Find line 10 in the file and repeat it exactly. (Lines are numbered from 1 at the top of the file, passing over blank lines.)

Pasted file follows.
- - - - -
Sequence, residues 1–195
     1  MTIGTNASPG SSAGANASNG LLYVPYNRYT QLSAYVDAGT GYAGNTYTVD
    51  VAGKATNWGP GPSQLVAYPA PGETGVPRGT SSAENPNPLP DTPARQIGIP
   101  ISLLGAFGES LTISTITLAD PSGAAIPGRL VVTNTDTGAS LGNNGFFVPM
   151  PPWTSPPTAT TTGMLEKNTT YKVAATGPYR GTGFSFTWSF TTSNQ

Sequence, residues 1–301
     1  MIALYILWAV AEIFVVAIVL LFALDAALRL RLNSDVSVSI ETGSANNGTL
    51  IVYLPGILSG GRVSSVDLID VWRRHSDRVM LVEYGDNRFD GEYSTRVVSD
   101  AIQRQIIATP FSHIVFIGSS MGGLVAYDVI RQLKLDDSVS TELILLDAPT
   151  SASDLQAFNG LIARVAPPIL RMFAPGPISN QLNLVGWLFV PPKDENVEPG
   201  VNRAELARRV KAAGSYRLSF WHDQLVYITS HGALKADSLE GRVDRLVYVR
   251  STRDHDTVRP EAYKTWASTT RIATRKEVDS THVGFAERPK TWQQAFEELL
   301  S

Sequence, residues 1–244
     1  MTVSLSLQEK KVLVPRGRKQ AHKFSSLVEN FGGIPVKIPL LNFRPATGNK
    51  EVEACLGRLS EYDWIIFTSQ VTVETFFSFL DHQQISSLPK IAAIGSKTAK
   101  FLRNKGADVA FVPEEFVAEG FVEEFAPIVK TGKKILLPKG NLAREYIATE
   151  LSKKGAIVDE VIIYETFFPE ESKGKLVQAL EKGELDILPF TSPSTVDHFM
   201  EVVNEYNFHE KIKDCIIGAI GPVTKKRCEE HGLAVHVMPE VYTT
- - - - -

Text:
   151  SASDLQAFNG LIARVAPPIL RMFAPGPISN QLNLVGWLFV PPKDENVEPG